CREATE INPUT STREAM. But the SQL was just surface-level, users still needed to be streaming systems experts first and foremost.
The second generation of tools like ksqlDB and Flink took the SQL control layer implementation further, allowing users to define transformations in SQL. But, users coming from databases still had a lot of challenging streaming concepts to work around, like eventual consistency.
Modern streaming databases (like Materialize) focus on expanding access to (and therefore applications of) streaming computation by simplifying the control interface to the extent that it can be operated by anyone familiar with traditional databases.
Today, streaming databases most often used "downstream" of primary transactional databases and/or message brokers. This is similar to how a Redis cache or a data warehouse might be used.
Here's a representative architecture of a streaming database used by data engineering teams:
Some important aspects to call out:
- A message broker like Kafka is used to reliably and continuously feed streams of data into the database.
- A Change Data Capture (CDC) service translates primary DB updates into structured data messages in Kafka.
- Like in data warehouses, the SQL transformations are managed in dbt.
- Downstream architecture is more flexible than data warehouses, user-facing applications and internal tools can connect directly to the streaming database without the need for caching.
In the architecture below, a standard web/mobile application stack with a PostgreSQL DB is supplemented by a streaming database that reads in a change feed of updates from the primary DB via change data capture and Kafka.
Some notes to call out for the application engineering use case:
- The Streaming database plays a role similar to a traditional read-replica DB. It connects directly to the primary transactional DB via replication slot, and the application layer routes certain read queries to it.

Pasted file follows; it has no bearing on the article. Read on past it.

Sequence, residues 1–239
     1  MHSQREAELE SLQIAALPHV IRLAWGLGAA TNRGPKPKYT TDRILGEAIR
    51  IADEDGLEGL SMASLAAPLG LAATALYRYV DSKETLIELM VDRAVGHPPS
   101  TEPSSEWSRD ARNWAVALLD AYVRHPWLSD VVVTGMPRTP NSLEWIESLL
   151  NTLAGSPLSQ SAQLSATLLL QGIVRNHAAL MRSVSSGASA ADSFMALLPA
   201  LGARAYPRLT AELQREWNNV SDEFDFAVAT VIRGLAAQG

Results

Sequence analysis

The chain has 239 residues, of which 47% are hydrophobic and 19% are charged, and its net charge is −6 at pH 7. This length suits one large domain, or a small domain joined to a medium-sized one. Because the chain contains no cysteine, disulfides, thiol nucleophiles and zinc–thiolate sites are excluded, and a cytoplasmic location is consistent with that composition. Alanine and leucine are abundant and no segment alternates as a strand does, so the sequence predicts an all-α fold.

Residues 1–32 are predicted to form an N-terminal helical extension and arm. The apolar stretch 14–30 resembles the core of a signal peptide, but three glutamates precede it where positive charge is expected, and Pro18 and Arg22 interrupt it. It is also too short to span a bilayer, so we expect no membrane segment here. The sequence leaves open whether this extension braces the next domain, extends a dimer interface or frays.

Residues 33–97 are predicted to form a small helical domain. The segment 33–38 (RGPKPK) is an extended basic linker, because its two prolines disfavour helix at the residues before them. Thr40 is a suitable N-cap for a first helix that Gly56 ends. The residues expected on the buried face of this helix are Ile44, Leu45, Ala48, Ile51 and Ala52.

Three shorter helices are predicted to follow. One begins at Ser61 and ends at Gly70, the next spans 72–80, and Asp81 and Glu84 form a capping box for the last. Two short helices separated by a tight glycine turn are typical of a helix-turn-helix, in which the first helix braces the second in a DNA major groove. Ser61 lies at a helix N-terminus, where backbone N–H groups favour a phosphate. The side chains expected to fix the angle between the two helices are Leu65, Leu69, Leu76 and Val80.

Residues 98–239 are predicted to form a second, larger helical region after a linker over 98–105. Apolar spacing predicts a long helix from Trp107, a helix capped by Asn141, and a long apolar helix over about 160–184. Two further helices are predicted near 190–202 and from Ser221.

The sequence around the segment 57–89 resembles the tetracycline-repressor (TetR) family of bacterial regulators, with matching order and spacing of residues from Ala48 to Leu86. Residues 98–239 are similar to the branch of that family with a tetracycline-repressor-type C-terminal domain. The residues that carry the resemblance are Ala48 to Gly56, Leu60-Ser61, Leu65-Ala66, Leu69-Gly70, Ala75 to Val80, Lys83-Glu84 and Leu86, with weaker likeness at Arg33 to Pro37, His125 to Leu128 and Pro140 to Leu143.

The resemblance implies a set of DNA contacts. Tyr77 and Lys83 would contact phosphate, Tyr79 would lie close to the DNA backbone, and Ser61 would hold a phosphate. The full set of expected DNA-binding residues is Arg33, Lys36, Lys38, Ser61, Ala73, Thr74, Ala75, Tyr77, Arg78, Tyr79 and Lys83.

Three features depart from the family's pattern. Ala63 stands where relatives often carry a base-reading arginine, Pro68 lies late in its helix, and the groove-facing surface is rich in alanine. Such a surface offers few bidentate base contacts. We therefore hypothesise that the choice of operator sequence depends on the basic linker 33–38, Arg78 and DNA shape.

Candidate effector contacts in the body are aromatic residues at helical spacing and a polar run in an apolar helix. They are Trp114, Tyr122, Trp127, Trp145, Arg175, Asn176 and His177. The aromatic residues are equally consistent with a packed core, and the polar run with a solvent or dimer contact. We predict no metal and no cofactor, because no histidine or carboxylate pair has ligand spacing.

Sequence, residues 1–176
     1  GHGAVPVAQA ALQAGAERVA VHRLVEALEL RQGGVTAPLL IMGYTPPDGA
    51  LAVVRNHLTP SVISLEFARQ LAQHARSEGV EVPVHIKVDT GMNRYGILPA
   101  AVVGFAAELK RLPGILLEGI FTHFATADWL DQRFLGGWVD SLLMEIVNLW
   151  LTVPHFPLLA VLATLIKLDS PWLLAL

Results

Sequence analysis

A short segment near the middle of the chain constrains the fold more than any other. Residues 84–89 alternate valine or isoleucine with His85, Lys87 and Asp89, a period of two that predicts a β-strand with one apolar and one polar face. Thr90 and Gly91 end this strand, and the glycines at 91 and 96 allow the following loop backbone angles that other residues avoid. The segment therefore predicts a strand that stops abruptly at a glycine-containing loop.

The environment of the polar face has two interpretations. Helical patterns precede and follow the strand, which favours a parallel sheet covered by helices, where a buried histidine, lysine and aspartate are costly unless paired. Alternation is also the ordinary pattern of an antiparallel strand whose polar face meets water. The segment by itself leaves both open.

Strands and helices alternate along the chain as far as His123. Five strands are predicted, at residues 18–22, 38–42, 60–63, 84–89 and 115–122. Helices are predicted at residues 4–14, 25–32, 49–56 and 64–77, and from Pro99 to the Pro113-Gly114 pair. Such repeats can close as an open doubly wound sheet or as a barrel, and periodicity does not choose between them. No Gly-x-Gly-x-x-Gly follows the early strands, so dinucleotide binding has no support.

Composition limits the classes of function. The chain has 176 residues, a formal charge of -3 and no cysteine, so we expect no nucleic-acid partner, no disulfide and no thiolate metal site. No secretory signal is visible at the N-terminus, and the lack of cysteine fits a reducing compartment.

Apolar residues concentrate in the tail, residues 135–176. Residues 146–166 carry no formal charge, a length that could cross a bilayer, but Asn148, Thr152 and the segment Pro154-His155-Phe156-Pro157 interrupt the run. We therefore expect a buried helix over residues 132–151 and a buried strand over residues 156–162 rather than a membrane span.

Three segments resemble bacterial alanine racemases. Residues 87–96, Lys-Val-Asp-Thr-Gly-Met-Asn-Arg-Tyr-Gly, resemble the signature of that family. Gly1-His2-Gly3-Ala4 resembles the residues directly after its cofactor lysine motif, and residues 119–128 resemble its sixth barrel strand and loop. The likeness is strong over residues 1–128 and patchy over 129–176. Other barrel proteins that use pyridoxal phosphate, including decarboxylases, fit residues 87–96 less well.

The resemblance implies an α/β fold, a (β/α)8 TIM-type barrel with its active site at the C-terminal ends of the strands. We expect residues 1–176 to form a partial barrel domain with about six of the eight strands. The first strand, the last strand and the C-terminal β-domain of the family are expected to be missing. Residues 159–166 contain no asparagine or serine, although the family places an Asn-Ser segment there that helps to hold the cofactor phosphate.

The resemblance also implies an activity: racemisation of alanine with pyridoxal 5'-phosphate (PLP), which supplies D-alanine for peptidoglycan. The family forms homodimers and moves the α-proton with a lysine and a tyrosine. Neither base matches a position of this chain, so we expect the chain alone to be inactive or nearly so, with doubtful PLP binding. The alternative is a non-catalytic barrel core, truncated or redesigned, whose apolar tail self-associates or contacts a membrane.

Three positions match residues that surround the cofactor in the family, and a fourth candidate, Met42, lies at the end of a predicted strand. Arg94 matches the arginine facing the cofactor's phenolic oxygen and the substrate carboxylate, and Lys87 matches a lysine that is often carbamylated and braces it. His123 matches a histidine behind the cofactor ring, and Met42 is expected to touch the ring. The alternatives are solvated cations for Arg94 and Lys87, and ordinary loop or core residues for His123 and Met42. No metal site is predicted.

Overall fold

- The API layer can subscribe to updates of query results in the streaming database, enabling push-centric data architectures.
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With experience in software engineering comes the realization that no tooling or software stack is magical. Everything is a series of trade-offs that may be better or worse aligned with the needs of a specific use-case. With that in mind, let's examine the specific trade-offs inherent to streaming databases so that we can better understand the use cases they align best with.
Features unique to streaming databases:
- Incrementally updated materialized views - on arbitrarily complex SQL. Other databases like Oracle, SQLServer, even Redshift have varying levels of partial support for incrementally updating a materialized view. They could continue to expand support, but will continue to hit walls on fundamental issues of consistency and throughput as long as they approach it with their "one-shot query" computation engines. Streaming Databases build on entirely different dataflow paradigms, and as a result, shift limitations elsewhere and efficiently handle incremental view maintenance on a broader SQL vocabulary.